My handyman saves the aluminum flex that attaches to the dryer for last.
But you may want to tackle that first. It’s your choice.
To finish up, he reattaches the aluminum foil flex to the pipe, using the clamp and appropriate tape to ensure a tight seal.
He then plugs the dryer back in and lets it run for a while to push out any last bits of lint.
Finally, the big reveal. Just how much lint is in the shop vac?
I was impressed!
It’s obvious that I need to do this every year. For those of you who do laundry multiple times a week or have fur babies, consider cleaning the dryer ducts several times a year.
One thing I noticed during the cleaning process was that my aluminum foil flex, installed some 20+ years ago, is becoming brittle. So, I need to explore other options. Should I simply replace the flex? Add an all-metal angled elbow at the dryer exhaust and then attach something flexible to it so it joins up with the pipe?
Let’s look at the 5 kinds of dryer ducts commonly found in homes. Just because they are used, though, doesn’t mean they meet code! Plus, what meets code varies around the country.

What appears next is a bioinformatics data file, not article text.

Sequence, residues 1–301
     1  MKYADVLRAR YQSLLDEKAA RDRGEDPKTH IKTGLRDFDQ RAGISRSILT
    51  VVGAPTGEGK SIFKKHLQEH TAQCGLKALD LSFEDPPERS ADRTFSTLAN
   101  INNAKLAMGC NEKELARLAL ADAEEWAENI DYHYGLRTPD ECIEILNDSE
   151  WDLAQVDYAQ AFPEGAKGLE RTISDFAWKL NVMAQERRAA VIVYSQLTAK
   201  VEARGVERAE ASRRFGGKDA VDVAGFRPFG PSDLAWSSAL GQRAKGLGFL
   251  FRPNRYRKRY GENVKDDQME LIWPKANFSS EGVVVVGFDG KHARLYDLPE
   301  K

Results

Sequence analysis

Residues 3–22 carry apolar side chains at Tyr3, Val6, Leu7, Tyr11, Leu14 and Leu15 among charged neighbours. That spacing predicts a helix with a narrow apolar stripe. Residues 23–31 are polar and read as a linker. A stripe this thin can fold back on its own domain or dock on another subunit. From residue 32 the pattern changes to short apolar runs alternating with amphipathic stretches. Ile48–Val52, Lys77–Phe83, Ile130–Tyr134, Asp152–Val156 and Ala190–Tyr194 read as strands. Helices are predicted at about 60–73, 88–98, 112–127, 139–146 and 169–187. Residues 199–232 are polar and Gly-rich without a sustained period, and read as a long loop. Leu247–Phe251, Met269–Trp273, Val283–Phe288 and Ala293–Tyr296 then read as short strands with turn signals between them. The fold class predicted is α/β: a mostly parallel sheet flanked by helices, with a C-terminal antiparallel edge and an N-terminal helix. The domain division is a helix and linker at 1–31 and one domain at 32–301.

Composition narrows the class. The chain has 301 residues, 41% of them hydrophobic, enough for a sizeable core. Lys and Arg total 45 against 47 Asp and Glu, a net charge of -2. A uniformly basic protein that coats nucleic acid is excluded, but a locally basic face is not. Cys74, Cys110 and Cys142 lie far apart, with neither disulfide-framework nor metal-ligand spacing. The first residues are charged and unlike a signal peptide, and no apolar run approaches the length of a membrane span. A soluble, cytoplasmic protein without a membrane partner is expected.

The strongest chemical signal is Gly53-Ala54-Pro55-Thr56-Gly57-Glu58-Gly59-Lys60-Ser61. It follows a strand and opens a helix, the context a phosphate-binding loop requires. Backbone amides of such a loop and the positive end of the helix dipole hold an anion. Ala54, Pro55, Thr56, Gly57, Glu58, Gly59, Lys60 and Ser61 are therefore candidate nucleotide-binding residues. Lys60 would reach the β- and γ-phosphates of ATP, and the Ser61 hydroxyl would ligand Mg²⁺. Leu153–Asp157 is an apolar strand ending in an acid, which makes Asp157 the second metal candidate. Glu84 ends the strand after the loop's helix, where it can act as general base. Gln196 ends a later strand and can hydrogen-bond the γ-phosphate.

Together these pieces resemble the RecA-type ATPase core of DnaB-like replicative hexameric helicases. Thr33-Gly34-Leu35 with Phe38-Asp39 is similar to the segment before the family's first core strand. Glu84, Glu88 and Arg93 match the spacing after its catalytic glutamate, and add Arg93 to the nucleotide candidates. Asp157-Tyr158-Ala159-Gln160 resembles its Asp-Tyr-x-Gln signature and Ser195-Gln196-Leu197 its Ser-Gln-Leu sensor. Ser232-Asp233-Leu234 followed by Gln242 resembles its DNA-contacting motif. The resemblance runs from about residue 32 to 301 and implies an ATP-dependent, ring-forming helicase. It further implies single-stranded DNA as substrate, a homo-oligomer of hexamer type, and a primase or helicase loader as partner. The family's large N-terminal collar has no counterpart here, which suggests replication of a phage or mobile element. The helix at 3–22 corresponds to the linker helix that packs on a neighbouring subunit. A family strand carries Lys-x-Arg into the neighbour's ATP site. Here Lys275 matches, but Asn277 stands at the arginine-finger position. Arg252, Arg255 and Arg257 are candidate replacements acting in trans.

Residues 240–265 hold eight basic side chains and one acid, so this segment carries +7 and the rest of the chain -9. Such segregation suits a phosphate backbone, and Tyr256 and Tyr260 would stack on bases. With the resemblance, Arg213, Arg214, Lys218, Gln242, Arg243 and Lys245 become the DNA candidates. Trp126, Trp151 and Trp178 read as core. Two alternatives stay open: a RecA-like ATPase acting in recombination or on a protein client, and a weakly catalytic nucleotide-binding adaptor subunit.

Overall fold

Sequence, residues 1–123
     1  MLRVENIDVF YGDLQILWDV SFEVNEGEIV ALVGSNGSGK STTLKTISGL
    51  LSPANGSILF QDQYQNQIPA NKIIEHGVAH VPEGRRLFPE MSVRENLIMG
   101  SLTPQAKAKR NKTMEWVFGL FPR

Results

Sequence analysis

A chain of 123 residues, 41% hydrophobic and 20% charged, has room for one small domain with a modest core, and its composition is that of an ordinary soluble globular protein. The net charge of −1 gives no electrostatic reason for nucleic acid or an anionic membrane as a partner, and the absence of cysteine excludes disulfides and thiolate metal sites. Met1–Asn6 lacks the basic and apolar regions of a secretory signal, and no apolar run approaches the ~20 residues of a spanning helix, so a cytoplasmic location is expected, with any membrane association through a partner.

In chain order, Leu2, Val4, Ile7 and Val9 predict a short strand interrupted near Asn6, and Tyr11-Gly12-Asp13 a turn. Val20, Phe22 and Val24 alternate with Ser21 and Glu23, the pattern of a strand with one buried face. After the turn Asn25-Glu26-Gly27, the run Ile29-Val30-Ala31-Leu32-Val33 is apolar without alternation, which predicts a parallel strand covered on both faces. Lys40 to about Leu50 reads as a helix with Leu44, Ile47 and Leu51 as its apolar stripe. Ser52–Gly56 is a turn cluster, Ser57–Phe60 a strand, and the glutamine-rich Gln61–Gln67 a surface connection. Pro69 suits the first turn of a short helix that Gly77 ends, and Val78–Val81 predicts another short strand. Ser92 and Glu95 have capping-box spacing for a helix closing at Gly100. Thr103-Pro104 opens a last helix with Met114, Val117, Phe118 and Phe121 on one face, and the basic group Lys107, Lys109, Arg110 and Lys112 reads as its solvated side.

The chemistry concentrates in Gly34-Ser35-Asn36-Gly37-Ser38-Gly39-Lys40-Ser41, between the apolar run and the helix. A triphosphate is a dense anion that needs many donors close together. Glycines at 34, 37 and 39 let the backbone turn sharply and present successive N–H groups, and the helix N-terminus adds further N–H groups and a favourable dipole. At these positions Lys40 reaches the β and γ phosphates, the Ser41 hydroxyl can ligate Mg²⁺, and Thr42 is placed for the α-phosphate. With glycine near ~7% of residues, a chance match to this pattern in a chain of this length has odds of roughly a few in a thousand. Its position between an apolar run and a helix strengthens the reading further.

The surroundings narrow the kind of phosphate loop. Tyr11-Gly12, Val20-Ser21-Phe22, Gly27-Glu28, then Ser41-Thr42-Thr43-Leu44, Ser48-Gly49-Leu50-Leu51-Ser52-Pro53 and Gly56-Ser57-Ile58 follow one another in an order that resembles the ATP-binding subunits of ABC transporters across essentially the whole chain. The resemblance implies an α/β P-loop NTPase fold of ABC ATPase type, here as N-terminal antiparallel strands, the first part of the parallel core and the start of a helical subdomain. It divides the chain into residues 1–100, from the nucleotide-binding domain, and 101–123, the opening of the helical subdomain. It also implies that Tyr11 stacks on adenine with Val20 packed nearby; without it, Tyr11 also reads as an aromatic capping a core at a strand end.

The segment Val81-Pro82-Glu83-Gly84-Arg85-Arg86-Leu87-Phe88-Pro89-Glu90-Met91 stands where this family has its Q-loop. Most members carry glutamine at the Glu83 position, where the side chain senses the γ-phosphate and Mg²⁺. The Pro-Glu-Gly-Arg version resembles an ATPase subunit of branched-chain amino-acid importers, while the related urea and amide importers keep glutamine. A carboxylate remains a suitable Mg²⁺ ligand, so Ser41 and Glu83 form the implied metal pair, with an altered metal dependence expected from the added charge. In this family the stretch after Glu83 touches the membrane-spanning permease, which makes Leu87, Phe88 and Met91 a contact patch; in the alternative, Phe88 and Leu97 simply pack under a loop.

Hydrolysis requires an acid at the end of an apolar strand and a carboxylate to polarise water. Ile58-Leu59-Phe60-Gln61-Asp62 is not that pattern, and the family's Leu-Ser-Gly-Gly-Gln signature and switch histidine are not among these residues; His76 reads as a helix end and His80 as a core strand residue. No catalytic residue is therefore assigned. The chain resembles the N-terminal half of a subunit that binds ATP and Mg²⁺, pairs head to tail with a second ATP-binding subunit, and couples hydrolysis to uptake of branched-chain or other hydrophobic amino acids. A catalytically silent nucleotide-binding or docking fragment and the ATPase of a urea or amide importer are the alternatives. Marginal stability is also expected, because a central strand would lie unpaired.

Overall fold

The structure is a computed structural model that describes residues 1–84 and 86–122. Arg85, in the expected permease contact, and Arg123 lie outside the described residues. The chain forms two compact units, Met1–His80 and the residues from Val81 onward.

Rigid metal pipe is the most recommended kind. It can be aluminum or galvanized steel. It’s typically used for duct runs in floors, walls, attics, or anywhere that’s hidden from view. Rigid metal pipe should never be bent. This means any angles or curves must be negotiated with some other kind of connector like rigid metal elbows or other kinds of tubing. Of all the kinds of tubing, rigid is the most long-lasting and the only one that can be concealed. Plus, it is completely smooth inside for maximum airflow and minimal lint catching.
Aluminum foil duct is very flexible, making it easy to install. The ribbed walls and accordion-like properties also make it easy to adjust length—or you can cut to fit. However, its ribs can trap lint. It should not be used for the entire duct run and never in concealed areas.